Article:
What does it mean to put a security freeze on my credit report?

Answer: A security freeze prevents prospective creditors from accessing your credit file.

Creditors typically won’t offer you credit if they can’t access your credit reporting file, so a freeze prevents you or others from opening accounts in your name. Security freezes can be useful in preventing an identity thief from opening a new credit account in your name.

Only a limited number of entities can see your file while a freeze is in place, including:

  • Creditors of accounts you currently hold
  • Certain government entities like child support agencies
  • Companies that you’ve hired to monitor your credit file

Forty-seven states and the District of Columbia have laws that govern the procedures and requirements for security freezes and how much you can pay for them. For the remaining states (Alabama, Michigan, and Missouri), the nationwide credit reporting companies have voluntarily given residents the opportunity to place freezes. Freezes are generally free for victims of identity theft to place, and in some states to lift. Others may be charged a fee.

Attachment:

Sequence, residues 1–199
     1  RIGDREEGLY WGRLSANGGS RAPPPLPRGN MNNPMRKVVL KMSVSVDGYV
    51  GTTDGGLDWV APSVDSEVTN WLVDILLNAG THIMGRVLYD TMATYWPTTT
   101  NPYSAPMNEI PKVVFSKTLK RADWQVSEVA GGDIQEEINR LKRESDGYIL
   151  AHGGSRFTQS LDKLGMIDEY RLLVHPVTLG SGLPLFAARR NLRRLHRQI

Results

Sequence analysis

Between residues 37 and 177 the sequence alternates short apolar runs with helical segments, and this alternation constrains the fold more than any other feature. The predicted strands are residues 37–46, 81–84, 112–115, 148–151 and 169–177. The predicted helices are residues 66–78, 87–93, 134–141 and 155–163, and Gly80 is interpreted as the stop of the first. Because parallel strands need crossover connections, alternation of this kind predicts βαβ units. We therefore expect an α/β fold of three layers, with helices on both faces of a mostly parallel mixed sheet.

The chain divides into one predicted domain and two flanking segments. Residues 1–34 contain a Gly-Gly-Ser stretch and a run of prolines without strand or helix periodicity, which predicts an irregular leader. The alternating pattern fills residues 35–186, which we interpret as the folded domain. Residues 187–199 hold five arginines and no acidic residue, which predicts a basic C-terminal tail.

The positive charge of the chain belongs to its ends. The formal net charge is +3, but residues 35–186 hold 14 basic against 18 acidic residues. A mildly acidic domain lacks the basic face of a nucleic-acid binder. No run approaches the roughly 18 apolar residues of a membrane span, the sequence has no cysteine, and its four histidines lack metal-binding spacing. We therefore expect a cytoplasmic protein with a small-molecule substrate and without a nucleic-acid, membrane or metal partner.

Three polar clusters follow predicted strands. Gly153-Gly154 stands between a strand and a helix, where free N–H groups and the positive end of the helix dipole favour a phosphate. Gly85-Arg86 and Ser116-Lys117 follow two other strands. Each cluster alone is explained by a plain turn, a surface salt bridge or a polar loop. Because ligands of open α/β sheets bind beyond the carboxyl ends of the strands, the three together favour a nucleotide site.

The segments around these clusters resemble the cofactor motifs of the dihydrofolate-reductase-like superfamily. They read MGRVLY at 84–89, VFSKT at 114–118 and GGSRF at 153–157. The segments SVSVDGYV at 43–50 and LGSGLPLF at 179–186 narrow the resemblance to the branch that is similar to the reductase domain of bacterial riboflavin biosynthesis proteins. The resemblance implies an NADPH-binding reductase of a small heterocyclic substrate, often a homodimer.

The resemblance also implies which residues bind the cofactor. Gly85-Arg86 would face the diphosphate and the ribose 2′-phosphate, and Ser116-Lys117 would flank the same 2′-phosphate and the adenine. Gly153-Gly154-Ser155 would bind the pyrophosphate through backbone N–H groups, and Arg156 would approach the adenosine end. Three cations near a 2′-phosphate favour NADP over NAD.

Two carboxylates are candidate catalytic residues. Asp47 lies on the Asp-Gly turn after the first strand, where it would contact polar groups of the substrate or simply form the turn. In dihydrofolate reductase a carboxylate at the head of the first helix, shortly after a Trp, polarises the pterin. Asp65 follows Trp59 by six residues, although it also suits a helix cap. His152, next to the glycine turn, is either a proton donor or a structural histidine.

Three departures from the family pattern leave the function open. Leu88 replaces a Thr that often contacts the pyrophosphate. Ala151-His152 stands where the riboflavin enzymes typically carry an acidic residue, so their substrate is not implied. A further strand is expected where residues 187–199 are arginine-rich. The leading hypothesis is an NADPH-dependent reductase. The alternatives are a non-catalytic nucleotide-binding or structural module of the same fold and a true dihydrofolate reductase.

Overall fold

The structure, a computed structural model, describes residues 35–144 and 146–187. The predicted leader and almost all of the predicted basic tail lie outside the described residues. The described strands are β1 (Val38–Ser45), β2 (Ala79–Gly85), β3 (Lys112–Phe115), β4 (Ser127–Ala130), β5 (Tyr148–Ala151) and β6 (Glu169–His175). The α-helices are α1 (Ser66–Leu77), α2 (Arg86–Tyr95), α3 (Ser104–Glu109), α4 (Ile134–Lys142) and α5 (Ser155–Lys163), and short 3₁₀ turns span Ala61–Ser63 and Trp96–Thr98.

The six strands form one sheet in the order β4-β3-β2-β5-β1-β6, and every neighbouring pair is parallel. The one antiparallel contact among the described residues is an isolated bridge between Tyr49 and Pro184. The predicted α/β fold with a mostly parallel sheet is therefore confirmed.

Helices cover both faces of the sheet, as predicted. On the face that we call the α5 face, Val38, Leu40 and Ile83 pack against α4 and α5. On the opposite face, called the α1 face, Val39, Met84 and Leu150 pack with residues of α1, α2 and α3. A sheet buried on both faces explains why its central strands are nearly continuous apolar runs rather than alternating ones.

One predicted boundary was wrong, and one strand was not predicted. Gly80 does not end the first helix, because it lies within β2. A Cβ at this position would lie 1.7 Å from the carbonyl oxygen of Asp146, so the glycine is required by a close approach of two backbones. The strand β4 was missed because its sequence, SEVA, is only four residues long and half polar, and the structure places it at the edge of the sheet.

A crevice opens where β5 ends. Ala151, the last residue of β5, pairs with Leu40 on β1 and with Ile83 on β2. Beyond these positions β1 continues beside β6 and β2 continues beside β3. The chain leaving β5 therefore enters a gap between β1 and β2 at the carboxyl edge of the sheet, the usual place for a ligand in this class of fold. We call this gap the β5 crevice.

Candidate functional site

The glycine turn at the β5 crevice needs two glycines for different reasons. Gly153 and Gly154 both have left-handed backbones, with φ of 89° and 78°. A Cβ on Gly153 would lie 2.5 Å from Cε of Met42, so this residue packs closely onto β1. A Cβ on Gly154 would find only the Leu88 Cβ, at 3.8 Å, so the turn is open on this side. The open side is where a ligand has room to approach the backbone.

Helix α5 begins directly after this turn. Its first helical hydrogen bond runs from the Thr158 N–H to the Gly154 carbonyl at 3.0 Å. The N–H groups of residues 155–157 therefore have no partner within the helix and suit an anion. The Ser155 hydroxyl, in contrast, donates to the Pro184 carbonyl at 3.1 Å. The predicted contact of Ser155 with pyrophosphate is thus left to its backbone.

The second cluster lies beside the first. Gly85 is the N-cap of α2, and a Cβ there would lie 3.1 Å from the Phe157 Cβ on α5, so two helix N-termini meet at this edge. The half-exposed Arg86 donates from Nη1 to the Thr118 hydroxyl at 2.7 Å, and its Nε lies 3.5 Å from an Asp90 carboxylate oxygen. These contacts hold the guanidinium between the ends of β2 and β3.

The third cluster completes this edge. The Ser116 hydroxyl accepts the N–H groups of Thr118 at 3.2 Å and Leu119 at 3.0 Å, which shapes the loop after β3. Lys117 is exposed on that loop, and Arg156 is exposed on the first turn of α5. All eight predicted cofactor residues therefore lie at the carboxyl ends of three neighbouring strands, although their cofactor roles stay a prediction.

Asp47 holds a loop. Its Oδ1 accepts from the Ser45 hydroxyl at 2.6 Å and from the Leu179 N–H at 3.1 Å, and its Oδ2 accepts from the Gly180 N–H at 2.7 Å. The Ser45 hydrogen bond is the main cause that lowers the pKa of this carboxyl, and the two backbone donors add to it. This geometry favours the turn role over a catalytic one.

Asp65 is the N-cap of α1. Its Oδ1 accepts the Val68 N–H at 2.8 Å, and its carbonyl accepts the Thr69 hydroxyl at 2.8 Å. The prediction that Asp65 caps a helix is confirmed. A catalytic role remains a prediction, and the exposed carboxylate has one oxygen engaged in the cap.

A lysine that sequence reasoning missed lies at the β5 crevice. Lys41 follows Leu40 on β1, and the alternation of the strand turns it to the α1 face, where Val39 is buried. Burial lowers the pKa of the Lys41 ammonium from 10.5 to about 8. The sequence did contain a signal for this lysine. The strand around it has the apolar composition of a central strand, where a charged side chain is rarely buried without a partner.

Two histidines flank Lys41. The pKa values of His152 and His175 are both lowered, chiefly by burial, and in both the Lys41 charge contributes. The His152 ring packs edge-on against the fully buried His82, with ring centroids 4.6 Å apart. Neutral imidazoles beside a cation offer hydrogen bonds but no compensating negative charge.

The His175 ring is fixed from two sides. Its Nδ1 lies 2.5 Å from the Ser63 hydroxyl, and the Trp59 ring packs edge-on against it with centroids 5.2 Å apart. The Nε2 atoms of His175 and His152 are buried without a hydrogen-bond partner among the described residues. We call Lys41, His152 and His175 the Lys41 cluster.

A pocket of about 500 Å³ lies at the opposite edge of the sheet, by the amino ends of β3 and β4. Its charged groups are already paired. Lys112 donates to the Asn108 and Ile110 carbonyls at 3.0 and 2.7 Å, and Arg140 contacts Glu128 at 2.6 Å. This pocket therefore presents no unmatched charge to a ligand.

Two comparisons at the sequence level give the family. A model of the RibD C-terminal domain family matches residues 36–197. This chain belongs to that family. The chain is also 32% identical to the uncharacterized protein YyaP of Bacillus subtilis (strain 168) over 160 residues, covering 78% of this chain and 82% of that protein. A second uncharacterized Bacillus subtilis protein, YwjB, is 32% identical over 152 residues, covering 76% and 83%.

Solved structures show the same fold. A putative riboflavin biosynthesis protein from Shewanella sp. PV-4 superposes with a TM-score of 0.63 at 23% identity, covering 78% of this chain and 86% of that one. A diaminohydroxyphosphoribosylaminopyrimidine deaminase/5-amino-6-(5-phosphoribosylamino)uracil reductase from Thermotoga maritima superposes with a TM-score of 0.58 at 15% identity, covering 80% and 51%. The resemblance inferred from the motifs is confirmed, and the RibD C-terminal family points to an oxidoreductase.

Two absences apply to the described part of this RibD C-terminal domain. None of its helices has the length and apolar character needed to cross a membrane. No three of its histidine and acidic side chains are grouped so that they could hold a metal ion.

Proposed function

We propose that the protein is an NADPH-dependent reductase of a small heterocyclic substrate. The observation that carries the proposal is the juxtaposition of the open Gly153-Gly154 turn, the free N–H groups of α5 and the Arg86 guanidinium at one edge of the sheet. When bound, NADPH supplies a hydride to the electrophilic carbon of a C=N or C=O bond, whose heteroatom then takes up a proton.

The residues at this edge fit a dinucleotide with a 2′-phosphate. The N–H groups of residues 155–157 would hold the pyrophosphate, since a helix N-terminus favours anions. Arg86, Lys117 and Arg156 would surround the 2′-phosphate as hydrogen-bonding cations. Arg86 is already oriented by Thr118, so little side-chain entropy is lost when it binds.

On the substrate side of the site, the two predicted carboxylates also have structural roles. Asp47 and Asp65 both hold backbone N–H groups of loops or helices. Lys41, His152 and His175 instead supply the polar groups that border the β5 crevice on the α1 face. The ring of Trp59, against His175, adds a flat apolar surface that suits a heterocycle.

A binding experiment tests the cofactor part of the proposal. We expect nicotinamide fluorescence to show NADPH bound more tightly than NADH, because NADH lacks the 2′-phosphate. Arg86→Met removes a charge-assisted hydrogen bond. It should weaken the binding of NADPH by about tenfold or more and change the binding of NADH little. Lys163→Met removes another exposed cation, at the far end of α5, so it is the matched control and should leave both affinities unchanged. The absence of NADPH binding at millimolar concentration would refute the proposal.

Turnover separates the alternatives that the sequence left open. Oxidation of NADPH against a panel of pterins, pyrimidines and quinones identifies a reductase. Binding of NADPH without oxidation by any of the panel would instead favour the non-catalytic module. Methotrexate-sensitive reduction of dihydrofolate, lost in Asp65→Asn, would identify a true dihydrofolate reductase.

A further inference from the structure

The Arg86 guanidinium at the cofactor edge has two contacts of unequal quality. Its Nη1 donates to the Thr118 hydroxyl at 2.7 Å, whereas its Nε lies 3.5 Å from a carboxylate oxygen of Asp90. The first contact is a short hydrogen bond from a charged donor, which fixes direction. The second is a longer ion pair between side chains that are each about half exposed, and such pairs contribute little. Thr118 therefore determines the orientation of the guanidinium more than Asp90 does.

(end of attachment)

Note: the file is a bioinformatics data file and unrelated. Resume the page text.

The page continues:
You can place a “freeze” on your credit file at any time, but you must contact each credit reporting company. For more information, visit the nationwide credit reporting companies’ websites or call the numbers below: 

Tip:

If you think you may have been the victim of identity theft, you can also file a fraud alert. A fraud alert requires creditors who check your credit report to take steps to verify your identity before opening a new account, issuing an additional credit card, or increasing the credit limit on an existing account based on a consumer’s request. 

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